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Here’s what you need to know:
• Effective quake kills hundreds in Mexico.
Rescue crews are scrambling to pull survivors from the rubble following an earthquake with a preliminary magnitude of 7.1 struck on Tuesday, killing more than 200 people.
At least 21 young children died when a college collapsed, and the toll across the country is anticipated to rise. We mapped the in depth harm in Mexico City, and have video from the moment the quake hit.
It struck significantly less than two weeks soon after an eight.1-magnitude temblor in the south of the country, which killed at least 90.
• Trump brings America Very first to the U.N.
It was President Trump’s 1st address to the General Assembly. He utilised the world’s most prominent stage on Tuesday to threaten to “totally destroy North Korea” and to denounce Iran as a “rogue state.”
The president also mocked Kim Jong-un, North Korea’s leader, as “Rocket Man,” and called the Iran nuclear agreement an “embarrassment.”
Mr. Trump utilised the words sovereign or sovereignty 21 instances in his speech, but he employed the concept selectively, our White Home correspondent writes.
Verify out the highlights from the gathering so far, and our live updates today.
• Hurricane Maria strikes Puerto Rico.
The hurricane produced landfall as a Category four storm this morning, lashing the island with winds of up to 155 miles an hour. Here’s a map of Maria’s projected path.
The storm did “mind-boggling” damage to the island of Dominica on Tuesday.
• Health care conflict resumes.
A final-ditch push to repeal the Inexpensive Care Act is underway in the Senate: Republicans are pressing for a vote next week.
The most current bill would undo a lot of the health law and send cash to the states, with vast discretion over how to commit it. Eleven governors, including 5 Republicans and an independent, urged the Senate to reject the bill.
Blue states would face the largest funding cuts.
• Creating a better coral reef.
With reefs dying, some scientists want to breed hardy corals in labs and put them in the sea to multiply.
But the plan raises ethics queries.
• “The Daily,” your audio news report.
We appear at President Trump’s bellicose address to the U.N. General Assembly, and the man who crafted its message.
Listen on a computer, an iOS device or an Android device.
• Foxconn, the Taiwanese manufacturing giant, has pledged to develop 13,000 jobs in Wisconsin. But it raised even larger hopes in Brazil six years ago, and the outcomes aren’t encouraging.
• Following becoming hit by globalization and automation, U.S. workers may possibly be in for a break, our columnist writes.
• U.S. stocks were up on Tuesday. Here’s a snapshot of international markets.
Guidelines, both new and old, for a far more fulfilling life.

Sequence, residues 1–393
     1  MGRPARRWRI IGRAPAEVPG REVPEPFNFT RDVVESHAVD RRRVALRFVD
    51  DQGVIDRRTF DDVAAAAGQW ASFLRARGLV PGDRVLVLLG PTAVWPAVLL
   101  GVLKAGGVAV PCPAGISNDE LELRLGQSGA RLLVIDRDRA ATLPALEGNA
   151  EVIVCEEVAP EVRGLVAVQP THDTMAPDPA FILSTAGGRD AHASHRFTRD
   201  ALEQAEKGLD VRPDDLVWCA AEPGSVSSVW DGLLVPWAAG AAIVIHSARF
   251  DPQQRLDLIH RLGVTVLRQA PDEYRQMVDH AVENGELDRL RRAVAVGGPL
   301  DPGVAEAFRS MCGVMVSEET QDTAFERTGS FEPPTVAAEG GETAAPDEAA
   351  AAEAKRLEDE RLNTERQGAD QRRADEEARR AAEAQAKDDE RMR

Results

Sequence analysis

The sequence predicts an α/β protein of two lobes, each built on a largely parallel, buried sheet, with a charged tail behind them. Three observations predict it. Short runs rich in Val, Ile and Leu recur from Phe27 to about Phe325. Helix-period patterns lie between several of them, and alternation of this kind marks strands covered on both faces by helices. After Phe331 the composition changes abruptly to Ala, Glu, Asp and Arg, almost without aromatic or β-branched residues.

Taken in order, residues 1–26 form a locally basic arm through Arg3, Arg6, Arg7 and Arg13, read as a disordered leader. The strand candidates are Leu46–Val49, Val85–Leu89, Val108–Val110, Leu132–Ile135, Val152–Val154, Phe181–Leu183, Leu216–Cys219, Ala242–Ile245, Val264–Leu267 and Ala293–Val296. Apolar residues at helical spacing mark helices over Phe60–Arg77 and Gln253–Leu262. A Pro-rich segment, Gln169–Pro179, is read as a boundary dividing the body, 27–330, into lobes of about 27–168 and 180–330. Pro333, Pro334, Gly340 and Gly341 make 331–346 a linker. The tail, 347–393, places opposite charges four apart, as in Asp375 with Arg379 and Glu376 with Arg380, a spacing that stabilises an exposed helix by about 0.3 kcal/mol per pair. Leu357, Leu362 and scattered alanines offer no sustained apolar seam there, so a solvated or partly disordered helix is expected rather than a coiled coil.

• If you program to visit Ireland, we have suggestions for a lavish but reasonably priced trip.
• Want a tidier kitchen? Here’s how professional organizers do it.
• Recipes of the day: Dive into our collection of dishes for Rosh Hashana, which starts at sunset.
• Capture that L.A. vibe.
In today’s 360 video, step up to a bar or lounge by a pool in some of Los Angeles’s coolest hotels.
• Partisan writing you shouldn’t miss.
Writers from the correct and left react to President Trump’s speech at the U.N.
• Football and the human brain.
A new study links playing tackle football before age 12 to brain difficulties later in life. The findings are most likely to add to the inquiries about when, or if, youngsters ought to play the sport.
• Let him eat cake.
Yotam Ottolenghi, the Israeli-British chef and self-described baking nerd, describes the pleasures of receiving a cake just right.
And he shared his recipe for “the world’s greatest chocolate cake.”
• Very best of late-night Tv.
Jimmy Kimmel spent a full seven minutes excoriating Senator Bill Cassidy of Louisiana for going back on his word.
• Quotation of the day.
“The things that make us various, those are our superpowers.”
— Lena Waithe, the very first African-American woman to win an Emmy for outstanding writing in a comedy series, for “Master of None.”
Nowadays, we give you a slice of culinary history. The Times described pizza 73 years ago as “a pie produced from a yeast dough and filled with any number of various centers.”
“With the dexterity of a drum major wielding a baton, the baker picks one up and twirls it around, initial in 1 hand and then in the other,” the report mentioned, describing Luigino’s Pizzeria Alla Napoletana in Times Square.
In the early 1800s, Naples had an massive low-income population, and pizza was a way for folks to dine swiftly and cheaply. Antica Pizzeria Port’Alba, which opened in Naples in 1830, is broadly believed to be the world’s 1st pizzeria.
When Neapolitans started migrating in huge numbers to the U.S., they brought with them a tradition of wood-oven bakeries. The 1st U.S. pizzeria opened in New York in 1905.
Some factors have changed. Pizza is now embedded in significantly of the world’s culinary fabric. (Last week, our dining critic proposed that Jersey City truly has New York’s greatest pizza.)
But the gluttony that pizza can inspire is enduring.
“Each 1 will make 4 portions,” The Times wrote in 1944. “Although several people can do away with a whole pie single-handed.”
Remy Tumin contributed reporting.
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